Kelley Williams-Bolar, like Felicity Huffman, was punished for trying to get her children a better education.
A few months ago, Kelley Williams-Bolar started getting phone calls in the middle of the night, telling her she was on the news again. People were tagging her on Facebook and mentioning her on Twitter. “Honestly, I didn’t put the two together! I didn’t think other people would put the two together!” she told me this week.
The “two together” are Williams-Bolar and Felicity Huffman. Both are committed mothers of daughters. Both are working women. Both have become national-media sensations. Both are accused of committing crimes to obtain a better education for their children.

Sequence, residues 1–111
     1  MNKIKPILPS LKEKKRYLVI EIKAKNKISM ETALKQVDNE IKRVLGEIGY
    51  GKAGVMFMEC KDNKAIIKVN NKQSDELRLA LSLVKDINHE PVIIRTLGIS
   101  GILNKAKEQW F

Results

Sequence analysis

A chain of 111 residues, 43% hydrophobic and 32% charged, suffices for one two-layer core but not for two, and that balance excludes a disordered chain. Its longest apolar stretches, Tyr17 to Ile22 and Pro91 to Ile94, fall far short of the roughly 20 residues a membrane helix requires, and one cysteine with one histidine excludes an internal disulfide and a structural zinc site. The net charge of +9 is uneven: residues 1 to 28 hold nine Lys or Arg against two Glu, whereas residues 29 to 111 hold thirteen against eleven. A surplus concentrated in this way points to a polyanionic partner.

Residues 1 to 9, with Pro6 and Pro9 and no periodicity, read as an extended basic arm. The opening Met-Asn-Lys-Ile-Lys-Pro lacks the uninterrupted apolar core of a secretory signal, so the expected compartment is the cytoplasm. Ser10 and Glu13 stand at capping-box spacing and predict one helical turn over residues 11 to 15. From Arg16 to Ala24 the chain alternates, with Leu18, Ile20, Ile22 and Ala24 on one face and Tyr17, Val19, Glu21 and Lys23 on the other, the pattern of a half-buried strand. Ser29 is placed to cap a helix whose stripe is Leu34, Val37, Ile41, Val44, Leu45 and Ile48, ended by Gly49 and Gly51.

But Williams-Bolar and Huffman are not so much analogues as funhouse-mirror versions of each other, their stories of justice and injustice similar and yet distorted and converse. Huffman, who starred on Desperate Housewives, has admitted to paying $15,000 for a proctor to correct her daughter’s standardized-test scores. She was swept up in the “Varsity Blues” investigation into corruption, bribery, and fraud in elite-college admissions, and today she received a two-week sentence. A decade ago, Williams-Bolar was a single, black mother living in public housing. In 2011, the state of Ohio convicted and imprisoned her for falsifying her address to get her kids into better public schools. At Huffman’s sentencing hearing, a federal prosecutor cited Williams-Bolar’s case, calling prison the “great leveler.”